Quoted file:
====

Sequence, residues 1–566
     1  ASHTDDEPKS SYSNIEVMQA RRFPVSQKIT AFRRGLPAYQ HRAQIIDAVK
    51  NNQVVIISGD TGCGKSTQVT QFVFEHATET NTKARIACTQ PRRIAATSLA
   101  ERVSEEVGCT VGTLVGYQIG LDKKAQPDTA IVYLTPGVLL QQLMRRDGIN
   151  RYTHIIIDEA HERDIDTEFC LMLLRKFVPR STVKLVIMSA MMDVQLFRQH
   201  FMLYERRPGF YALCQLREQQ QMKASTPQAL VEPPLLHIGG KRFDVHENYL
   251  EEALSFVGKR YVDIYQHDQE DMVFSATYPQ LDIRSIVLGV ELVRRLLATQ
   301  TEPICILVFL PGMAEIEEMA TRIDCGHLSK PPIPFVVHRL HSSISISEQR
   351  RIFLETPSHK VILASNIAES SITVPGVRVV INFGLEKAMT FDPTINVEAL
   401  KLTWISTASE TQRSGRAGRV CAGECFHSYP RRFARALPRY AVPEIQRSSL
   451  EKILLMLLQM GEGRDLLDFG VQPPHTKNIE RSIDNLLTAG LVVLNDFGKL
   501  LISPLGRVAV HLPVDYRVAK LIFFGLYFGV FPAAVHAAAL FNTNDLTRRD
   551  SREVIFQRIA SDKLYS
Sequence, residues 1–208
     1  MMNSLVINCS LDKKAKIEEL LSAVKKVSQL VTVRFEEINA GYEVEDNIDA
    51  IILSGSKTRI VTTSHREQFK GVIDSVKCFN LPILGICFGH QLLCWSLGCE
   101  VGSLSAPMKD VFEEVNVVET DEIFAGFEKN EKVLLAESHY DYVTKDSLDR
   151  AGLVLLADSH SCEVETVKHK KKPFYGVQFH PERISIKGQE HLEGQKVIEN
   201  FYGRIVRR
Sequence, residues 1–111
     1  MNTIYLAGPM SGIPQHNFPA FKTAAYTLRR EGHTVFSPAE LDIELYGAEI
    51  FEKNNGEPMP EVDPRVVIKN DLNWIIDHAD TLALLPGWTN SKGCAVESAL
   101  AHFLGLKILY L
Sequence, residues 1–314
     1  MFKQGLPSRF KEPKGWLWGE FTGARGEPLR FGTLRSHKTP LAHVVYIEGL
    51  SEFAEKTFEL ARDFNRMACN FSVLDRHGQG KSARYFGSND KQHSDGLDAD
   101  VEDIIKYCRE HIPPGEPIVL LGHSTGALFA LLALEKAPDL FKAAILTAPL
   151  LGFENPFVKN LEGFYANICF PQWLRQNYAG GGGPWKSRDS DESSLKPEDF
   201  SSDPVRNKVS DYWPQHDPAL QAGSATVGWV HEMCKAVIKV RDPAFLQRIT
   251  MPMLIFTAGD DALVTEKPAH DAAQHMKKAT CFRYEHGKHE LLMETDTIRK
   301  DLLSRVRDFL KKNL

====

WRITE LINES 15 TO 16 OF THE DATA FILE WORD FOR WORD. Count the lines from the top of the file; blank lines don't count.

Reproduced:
     1  MMNSLVINCS LDKKAKIEEL LSAVKKVSQL VTVRFEEINA GYEVEDNIDA
    51  IILSGSKTRI VTTSHREQFK GVIDSVKCFN LPILGICFGH QLLCWSLGCE